Bedtime story comes alive for sixth-grade author

Postlethwait Middle School sixth-grader Irelynn Farrington, 11, sporting a unicorn necklace. talks about her new book “The Perfect Unicorn”, which she wrote with her mother Jodi. (Caesar Rodney School District/Dave Chambers)

CAMDEN — Unicorns are imaginary, so having her favorite pet wasn’t possible.

Irelynn Farrington brought her dream to life in print, however.

“The Perfect Unicorn” is a children’s book written by an unusually imaginative 11-year-old author.

It’s been four years since she first told it to her mom Jodi during a nightly bedtime story session.

“I love unicorns so I told the story,” Irelynn said simply when asked what inspired the plot.

Mom was floored by the detail and depth of her then-7-year-old daughter’s yarn.

“I told her at the time ‘Irelynn, this is absolutely amazing, it would make a great book,’” Ms. Farrington said.

“I couldn’t believe the vocabulary she was using. I didn’t even know she knew some of the words she was using.

Irelynn holds up her book, The Perfect Unicorn.” She already has a second tale “Stranded” on the way.

“I was stunned by the language that went into the story.”

The plot involves an evil troll who kidnaps a princess and unicorns to control a kingdom, only to be defeated by a heroic knight in a “magically ever after” conclusion.

It wasn’t easy to translate a made-up bedtime story into a book with illustrations.

Mother and daughter worked to create literature suitable for publishing, which came on Dec. 17, 2016.

“It takes forever,” Irelynn said.

When the final product neared completion, Ms. Farrington said she “teared up.

“I told Irelynn ‘Oh my goodness, this is your vision, this is your story.’”

The pre-teen had creative control, and went back and forth with an illustrator to make sure the characters, particularly the knight, indicated a diverse world.

“I approve of all races,” Irelynn said.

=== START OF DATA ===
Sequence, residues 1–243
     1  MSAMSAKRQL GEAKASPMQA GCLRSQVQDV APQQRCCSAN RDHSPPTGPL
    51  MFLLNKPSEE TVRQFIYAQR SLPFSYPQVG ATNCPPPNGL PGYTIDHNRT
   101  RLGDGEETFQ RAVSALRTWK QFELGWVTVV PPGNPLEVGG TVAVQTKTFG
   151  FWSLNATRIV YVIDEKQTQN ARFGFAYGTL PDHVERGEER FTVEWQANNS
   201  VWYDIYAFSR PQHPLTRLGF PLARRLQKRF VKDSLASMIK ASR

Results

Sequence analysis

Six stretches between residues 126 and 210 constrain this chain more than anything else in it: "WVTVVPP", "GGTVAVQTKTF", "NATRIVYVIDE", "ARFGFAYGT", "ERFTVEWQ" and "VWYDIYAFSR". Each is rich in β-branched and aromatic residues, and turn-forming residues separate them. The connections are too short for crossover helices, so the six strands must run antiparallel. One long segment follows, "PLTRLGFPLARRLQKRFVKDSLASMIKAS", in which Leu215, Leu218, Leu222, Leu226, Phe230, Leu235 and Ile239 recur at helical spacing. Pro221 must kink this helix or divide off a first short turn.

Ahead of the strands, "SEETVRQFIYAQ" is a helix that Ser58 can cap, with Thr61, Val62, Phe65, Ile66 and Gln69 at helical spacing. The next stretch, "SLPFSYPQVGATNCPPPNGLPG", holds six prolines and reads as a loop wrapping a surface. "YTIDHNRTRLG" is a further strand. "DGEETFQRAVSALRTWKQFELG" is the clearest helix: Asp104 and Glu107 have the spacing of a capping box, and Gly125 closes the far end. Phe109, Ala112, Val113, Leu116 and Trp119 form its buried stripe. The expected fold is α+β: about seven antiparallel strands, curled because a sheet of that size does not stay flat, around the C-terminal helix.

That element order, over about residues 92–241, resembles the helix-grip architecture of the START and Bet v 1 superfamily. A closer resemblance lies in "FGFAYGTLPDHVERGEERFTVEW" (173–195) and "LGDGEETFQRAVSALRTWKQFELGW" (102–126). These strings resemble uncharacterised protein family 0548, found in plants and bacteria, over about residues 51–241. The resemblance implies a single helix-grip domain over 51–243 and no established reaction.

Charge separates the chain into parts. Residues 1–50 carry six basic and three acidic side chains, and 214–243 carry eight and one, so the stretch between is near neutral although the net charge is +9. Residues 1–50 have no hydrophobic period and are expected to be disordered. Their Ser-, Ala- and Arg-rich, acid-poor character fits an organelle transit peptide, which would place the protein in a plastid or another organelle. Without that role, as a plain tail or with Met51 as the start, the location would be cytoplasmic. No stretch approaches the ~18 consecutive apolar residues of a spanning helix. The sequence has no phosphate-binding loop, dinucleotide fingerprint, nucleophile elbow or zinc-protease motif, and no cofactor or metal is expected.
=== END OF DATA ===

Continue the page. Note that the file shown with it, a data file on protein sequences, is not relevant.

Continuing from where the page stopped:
The 28-page paperback is receiving rave reviews on, including:

• “What a sweet story! The illustrations are nicely done. Irelynn is a talented and imaginative author.”

• “Delightful story of the eternal battle between good and evil. Quite imaginative with all kinds of twists and turns. Keep writing!”

• “Fantastic imagination! So proud to know this child with such beautiful stories! Keep writing, Irelynn. Do what you love and we’ll keep reading.”

The paperback version sells for $12.99, and $3.99 on Kindle. Each paperback sale generates $2 for children’s cancer research.

Ms. Farrington estimated that several hundred copies have been printed so far.

“Every single time I turn around, someone I know has bought the book,” she said of her daughter’s work.

The author, a sixth-grader at Postlethwait Middle School, said she’s fascinated by unicorns because “they’re part magic, they’re part horse.” She’s worn earrings, shirts and pants with their images for years now.

Pointing to the school’s core values, Postlethwait principal Dr. Kristina Failing acknowledged Irelynn’s grit in following through on her passions.

“We applaud her,” Dr. Failing said. “This is a great example of what we would like every kid to do, which is take a mindset of whatever they believe they can do, they go do it.”

When she’s not watching television (“Teen Titans Go” and “Star vs. The Forces of Evil” especially) YouTube videos, flicks (“Wonder Woman” and “The Emoji Movie” are favorites) or Netflix shows, Irelynn stays busy with Girl Scouts, karate and swimming programs.

A sequel entitled “Stranded” about children shipwrecked on an island is already underway.

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